Obesity and emotional problems, such as feelings of low mood and
anxiety, tend to develop hand-in-hand from young as age 7 years
According to New Research being presented at this year's European
Congress on Obesity (ECO) in Glasgow, UK (28 April-1 May).
The analysis of a large nationally representative sample of over
17,000 children in the UK find that regardless of their socioeconomic
status, girls and boys with obesity at age 7 were at greater risk of
Emotional problems at age 11, which in turn, predicted high body mass
Index (BMI) at 14 years of age.
While the study did not investigate the reasons why obesity and
emotional problems develop together during childhood, the researchers
say that a range of factors are likely to be involved.
“Children with higher BMI may experience weight-related
discrimination and poor self-esteem, which could contribute to increased
depressive symptoms over time (as has been shown in adults), while
depression may lead to obesity through increased emotional eating of
high-calorie comfort foods, poor sleep patterns, and lethargy ”, explains
Dr. Charlotte Hardman from the University of Liverpool, UK, who co-led
the study. “Our findings highlight the importance of early interventions
that target both weight and mental health and minimise negative
outcomes later in childhood. ”
Adolescence is a key developmental period for both obesity and
emotional problems. But they relate to each other over time
unclear, and little research has focused on the onset and co-occurrence
of these disorders through childhood and adolescence.
Lower socioeconomic status is strongly associated with both obesity
and poor mental health, but it is unknown whether the association
between these two health outcomes is merely a function of shared
In this study, researchers used statistical modeling to assess
associations between obesity and emotional problems in 17,215 children
born in the UK between 2000 and 2002, who are taking part in the
Millennium Cohort Study – a nationally representative, UK birth cohort
study of over 19,000 born at the start of the millennium.
Information on children & # 39; s height and weight (BMI) were collected at
ages 3, 5, 7, 11 and 14 years, and parents filled in a questionnaire on
their children 's emotional problems such as feelings of low mood and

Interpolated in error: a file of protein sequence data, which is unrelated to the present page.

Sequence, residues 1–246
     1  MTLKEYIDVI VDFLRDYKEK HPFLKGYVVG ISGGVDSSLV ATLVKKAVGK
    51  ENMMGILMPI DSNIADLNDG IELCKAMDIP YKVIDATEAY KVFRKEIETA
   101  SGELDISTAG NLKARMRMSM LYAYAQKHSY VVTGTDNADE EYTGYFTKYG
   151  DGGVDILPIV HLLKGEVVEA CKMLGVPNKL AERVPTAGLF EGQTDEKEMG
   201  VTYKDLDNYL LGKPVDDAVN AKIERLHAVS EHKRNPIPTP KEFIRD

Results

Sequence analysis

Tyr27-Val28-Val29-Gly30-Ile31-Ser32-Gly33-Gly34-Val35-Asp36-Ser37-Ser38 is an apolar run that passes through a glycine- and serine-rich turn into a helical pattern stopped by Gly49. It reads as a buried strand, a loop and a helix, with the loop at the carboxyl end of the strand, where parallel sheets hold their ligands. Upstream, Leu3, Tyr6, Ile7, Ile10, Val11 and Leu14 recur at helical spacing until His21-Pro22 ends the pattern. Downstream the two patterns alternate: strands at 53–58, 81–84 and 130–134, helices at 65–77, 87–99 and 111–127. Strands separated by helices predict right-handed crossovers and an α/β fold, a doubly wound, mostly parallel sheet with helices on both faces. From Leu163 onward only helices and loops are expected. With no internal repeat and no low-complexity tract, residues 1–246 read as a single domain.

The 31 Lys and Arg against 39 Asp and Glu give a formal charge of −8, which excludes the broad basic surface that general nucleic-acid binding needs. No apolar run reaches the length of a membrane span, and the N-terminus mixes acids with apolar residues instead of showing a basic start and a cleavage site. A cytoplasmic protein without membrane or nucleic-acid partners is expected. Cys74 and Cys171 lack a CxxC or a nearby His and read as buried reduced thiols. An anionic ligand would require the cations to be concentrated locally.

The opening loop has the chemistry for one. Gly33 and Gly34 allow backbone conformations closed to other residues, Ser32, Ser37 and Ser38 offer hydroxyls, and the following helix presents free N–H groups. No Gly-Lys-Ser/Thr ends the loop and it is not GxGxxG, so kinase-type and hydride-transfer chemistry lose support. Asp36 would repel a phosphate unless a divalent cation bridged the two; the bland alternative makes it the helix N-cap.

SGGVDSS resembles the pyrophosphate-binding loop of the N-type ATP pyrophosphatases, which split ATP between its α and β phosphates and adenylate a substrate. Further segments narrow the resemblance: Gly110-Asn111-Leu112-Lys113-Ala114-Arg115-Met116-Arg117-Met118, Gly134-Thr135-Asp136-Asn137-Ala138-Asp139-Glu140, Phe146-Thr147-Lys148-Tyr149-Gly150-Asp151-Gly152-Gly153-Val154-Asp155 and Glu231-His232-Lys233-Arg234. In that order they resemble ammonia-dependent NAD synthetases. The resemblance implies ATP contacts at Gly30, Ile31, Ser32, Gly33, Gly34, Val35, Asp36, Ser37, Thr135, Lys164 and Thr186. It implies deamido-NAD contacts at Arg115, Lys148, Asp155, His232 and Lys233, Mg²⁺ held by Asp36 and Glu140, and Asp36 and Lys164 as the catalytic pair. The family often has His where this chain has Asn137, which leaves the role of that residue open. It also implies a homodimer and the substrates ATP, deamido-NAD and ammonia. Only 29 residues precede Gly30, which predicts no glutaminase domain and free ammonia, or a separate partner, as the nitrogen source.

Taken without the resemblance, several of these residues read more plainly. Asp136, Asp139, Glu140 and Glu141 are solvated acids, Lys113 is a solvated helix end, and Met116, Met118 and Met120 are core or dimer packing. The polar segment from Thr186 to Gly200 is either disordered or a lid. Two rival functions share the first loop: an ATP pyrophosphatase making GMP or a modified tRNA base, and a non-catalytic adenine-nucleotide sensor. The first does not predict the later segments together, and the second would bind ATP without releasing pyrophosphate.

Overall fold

anxiety. The researchers adjusted for the range of factors known to affect
both obesity and mental health including gender, ethnicity,
socioeconomic status, as well as behavioral problems, as well as parents ’
Rates of obesity and emotional problems increased gradually
throughout childhood and adolescence. Almost 8% (814 / 10,767 children)
with available data) of young people were obese by the age of 14, and
around twice that number were reported to have had feelings of low mood
and anxiety (1369 / 10,123).
By adolescence, around and fifth of those with obesity also had high levels of emotional distress.
The analysis found that obesity and emotional problems tended to
occur together in mid-childhood and adolescence between the 7 and 14
years of age, but not in early childhood (3 to 5 years of age).
On average, girls had higher BMIs and emotional symptoms than boys
from 7 to 14 years of age, but co-occurrence and development of obesity
and emotional problems were similar in both girls and boys.
After taking socioeconomic status into account, the association
between BMI and emotional problems was reduced slightly, suggesting that
socioeconomic disadvantage may explain the link between
Children 's obesity and poor mental health.
“The shared socioeconomic risk in the development of obesity and
poor mental ill-health could be explained by numerous factors. For
instance, socioeconomically deprived areas tend to have access to it
Healthy food and green spaces, which may contribute to increased
Obesity and Emotional Problems, and Compound The Effects of Family-Level
socioeconomic disadvantage ”, says Dr. Praveetha Patalay from University
College London, UK who co-led the research.
“Both rates of obesity and emotional problems in childhood are
increasing, understanding their co-occurrence is an important public
Health concern, as they are associated with poor health in adulthood. The
next steps are to understand the implications of their co-occurrence and
how to best intervene to promote good health. ”
The authors acknowledge their findings show observational
associations, with conclusions about cause and effect cannot be drawn.
They point to several limitations, including unmeasured confounding,
parent report, and the attribute rate that may have influenced the
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